In rare new comments in response to widespread allegations from the West that Russian opposition figure Alexei Navalny was poisoned by Kremlin agents, President Vladimir Putin told reporters at a major annual news conference Thursday that he simply wasn't important enough to be a target.
"It's a trick to attack the leaders (of Russia)," Putin said. "But that absolutely does not mean he needs to be poisoned," he noted. "Who needs him?"
And in perhaps the most provocative and mocking statement, Putin added, "If someone had wanted to poison him they would have finished him off."
Throughout the comments Putin avoided mentioning Navalny directly by name, only calling him "the patient from the Berlin clinic." All of this comes after a new report by self-styled 'open source' UK-based investigator Bellingcat, which alleged the FSB ran the operation. In October the EU imposed sanctions on a half-dozen top Russian intelligence officials believed to be connected to Navalny's near-death.
Navalny has in recent interviews described the ordeal as a political assassination attempt which came from the top - from Putin himself. In August he was airlifted to a Berlin hospital after being poisoned, supposedly with a Soviet-produced nerve agent of the Novichok family.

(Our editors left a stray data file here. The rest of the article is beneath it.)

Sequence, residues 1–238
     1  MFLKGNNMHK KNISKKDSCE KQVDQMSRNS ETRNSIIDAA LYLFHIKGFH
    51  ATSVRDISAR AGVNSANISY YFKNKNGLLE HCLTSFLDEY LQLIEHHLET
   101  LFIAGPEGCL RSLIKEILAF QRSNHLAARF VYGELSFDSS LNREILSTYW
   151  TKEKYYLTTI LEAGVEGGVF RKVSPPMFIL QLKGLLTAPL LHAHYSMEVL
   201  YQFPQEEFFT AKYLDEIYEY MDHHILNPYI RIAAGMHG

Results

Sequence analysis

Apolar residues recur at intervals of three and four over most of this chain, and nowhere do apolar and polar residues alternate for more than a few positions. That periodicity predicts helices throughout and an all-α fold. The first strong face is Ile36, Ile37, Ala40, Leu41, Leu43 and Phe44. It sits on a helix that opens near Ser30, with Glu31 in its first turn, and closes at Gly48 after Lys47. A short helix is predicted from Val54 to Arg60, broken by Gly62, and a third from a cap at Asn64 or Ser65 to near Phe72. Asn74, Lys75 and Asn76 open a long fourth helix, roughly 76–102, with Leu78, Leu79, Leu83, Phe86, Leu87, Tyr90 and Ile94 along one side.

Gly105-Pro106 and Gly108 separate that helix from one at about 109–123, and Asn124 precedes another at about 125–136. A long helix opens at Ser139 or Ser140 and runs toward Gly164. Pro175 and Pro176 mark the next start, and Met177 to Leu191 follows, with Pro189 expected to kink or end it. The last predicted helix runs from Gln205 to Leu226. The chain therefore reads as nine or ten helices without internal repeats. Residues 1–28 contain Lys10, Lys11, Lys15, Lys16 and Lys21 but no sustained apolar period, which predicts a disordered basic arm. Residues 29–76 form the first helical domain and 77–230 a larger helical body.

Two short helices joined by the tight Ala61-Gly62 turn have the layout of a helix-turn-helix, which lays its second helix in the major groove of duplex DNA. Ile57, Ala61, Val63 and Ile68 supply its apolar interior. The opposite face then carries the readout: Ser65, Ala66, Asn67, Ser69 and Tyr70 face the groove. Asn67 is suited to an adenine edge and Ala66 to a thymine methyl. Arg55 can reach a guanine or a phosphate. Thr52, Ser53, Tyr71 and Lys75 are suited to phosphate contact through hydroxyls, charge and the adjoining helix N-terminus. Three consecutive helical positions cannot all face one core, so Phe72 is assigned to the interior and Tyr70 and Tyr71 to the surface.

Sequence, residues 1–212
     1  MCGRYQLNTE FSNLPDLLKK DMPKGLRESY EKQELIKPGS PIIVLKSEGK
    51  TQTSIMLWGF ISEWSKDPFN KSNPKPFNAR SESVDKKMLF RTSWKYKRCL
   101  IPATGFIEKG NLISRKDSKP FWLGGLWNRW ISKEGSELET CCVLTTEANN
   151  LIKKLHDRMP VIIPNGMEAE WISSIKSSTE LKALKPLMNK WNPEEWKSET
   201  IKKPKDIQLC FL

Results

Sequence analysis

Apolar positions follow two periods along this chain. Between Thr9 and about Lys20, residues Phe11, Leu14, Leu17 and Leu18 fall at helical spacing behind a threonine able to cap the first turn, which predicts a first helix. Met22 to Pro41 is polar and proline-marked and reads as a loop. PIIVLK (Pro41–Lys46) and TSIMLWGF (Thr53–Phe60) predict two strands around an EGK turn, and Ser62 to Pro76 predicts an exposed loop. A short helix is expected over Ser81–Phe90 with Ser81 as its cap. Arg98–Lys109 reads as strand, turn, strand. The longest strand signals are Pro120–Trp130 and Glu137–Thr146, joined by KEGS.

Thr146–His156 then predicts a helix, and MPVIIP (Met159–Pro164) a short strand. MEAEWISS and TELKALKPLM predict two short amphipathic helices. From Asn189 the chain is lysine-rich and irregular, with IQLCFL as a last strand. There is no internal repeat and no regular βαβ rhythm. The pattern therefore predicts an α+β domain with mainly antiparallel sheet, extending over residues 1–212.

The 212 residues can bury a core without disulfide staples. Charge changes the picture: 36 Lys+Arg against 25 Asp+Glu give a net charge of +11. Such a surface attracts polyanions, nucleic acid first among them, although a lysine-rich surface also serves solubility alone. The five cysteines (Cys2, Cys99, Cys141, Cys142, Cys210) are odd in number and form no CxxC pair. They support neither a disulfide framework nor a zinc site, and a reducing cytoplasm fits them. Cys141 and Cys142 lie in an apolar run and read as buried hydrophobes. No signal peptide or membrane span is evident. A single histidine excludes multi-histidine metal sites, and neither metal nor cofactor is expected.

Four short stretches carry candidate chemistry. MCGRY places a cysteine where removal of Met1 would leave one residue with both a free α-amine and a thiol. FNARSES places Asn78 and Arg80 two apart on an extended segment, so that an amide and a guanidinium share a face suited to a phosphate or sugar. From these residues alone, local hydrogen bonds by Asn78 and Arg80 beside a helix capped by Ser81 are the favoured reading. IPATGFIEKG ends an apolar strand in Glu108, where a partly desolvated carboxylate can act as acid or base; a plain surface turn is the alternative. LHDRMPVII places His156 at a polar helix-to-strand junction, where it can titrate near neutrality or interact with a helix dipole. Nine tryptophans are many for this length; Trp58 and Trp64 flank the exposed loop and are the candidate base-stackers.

Putin on Thursday brushed that aside as ludicrous. This after multiple Russian media reports underscoring that much of the domestic population had never heard of Navalny before this saga, and certainly very few outside of Russia had. Further, Russian critics of German investigators and the allegations of US officials question why Russian intelligence would use an agent so "obviously" traceable to Russian military and intelligence.
Putin says if Russia wanted to kill Navalny, it would've "finished" the job. Experts say Novichok could take up to 12 hours to affect the nervous system. Short of injecting it directly, it's almost impossible to dose so as to incapacitate rather than kill.https://t.co/Ym0beFNQqc— Kaitlan Collins (@kaitlancollins) December 17, 2020
Another interesting exchange with a BBC reporter during the annual press event where the Russian leader fields a variety of open-forum questions came as follows:
The BBC representative asked a question about reasons for worsening relations between Russia and the West and wondered whether the Russian leader felt himself responsible for it, at least partially, or Russia is "harmless and squeaky-clean."
"Now, about us being harmless and squeaky-clean. Compared to you, yes, it is a fact, we are harmless and squeaky-clean because we agreed to release from an unequivocal Soviet dictate those countries and nations that wanted to develop independently."
He concluded with noting that the West's foremost military alliance lied about post-Cold War promises made in the 1990's. "We heard your assurances that NATO won’t expand to the East but you didn’t keep your promises," Putin charged.